Marital Property Prize Division
Scott Dole of Vancouver, Washington and his wife Carrie had been going through an on-again, off-again divorce since the Mrs. had filed a petition for dissolution back in September of 2008. By fall of 2009 the couple was partially reconciled and Carrie had moved back into the Dole home and that’s when Scott’s good luck caused a problem.
Scott became a contestant on the TV game show the “Wheel of Fortune” at Carrie’s suggestion and as luck would have it, Scott turned out to be a winner and bagged $51,600 in prize money. However, the happy couple’s excitement was short lived as one month later Carrie Dole moved out of the house and once again filed for divorce. Of course, Scott’s game show prize money immediately became an issue of contention and was placed into escrow in a local bank.
Since Washington is a community property state, the issue argued before the Clark County Superior Court was whether or not the prize money was subject to the state’s community-property law mandating equal separation of assets, or whether it was just Scott Dole’s property alone.
In Clark County Superior Court, Judge James Rulli heard arguments saying the prize money was acquired when both parties were living together as husband and wife back in October of 200. Because Carrie Dole had traveled with husband Scott to the TV game show and had stayed with him at a hotel during the show, Judge Rulli found that any arguments claimant the marriage was defunct were not accurate. The judge ruled that regardless of whether or not Mrs. Dole had filed for divorce prior to the TV show, the couple were reconciled and living as husband and wife at the time of filming, and the winnings were subject to equal separation under the law.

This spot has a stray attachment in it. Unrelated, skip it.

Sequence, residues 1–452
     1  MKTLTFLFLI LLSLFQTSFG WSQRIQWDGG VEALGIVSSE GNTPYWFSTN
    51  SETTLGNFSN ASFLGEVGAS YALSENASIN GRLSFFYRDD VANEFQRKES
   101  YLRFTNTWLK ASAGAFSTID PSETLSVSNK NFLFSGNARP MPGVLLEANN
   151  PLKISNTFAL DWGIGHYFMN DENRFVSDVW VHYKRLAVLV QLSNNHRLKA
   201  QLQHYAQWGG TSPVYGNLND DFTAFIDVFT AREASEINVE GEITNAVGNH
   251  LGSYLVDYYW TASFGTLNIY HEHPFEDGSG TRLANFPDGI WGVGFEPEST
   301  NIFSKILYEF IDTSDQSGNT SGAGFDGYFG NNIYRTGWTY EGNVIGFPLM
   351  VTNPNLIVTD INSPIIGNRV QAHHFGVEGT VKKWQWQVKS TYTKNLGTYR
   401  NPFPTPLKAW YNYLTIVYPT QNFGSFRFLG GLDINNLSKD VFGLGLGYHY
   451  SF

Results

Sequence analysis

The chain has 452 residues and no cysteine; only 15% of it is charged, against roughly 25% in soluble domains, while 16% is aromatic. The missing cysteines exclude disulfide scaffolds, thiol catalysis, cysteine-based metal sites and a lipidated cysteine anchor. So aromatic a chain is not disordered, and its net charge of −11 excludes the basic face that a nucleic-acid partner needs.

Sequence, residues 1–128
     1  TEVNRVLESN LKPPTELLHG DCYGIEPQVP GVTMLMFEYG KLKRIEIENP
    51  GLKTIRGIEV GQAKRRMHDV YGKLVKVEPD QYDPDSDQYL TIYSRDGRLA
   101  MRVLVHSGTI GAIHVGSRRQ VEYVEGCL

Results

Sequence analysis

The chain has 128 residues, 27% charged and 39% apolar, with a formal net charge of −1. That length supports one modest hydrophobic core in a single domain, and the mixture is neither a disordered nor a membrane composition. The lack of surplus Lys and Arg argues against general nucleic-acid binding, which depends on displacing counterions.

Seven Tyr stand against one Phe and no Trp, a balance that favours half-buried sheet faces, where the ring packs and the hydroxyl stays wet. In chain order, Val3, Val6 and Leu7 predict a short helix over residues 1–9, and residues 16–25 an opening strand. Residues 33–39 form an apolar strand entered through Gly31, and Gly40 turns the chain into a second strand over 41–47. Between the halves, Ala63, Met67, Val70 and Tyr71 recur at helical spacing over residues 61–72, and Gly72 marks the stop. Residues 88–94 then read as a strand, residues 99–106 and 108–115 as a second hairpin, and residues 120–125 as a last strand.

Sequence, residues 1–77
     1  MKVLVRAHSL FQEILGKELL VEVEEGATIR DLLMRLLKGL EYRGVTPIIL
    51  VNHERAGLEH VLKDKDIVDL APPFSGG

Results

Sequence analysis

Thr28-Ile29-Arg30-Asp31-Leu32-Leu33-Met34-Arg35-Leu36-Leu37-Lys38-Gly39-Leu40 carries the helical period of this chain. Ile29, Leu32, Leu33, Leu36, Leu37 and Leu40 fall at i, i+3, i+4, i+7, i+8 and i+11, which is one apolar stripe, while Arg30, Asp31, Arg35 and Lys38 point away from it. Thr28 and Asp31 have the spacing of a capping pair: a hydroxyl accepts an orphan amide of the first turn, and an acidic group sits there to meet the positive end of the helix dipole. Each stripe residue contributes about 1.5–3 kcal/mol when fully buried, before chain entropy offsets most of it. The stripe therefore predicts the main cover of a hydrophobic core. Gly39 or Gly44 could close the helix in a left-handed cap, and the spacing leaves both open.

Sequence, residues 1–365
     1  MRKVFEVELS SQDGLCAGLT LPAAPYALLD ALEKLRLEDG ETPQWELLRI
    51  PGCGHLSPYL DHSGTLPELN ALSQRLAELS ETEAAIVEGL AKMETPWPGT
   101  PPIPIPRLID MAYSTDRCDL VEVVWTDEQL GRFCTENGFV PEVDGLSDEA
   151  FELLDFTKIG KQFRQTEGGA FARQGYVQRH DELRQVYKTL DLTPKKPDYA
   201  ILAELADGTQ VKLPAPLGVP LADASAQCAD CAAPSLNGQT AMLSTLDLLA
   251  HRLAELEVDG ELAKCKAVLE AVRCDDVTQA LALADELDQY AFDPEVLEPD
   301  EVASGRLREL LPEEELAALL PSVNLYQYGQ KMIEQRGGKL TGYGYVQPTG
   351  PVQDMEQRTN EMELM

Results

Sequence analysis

Although Scott Dole’s game show payday was cut in half to just $25,800 after taxes, he was not unhappy and said that the decision was exactly what he had expected. In fact, Scott indicated that he would probably be donating his half of the cash to charity. Court documents also showed that Carrie Dole was not quite as generous and stated that she would use her half of the proceeds to pay bills because she lives on a tight budget as an elementary-school teacher. If the Doles had negotiated the 50-50 split on their own outside of the courtroom, they probably would have ended up with the same results and far fewer court costs.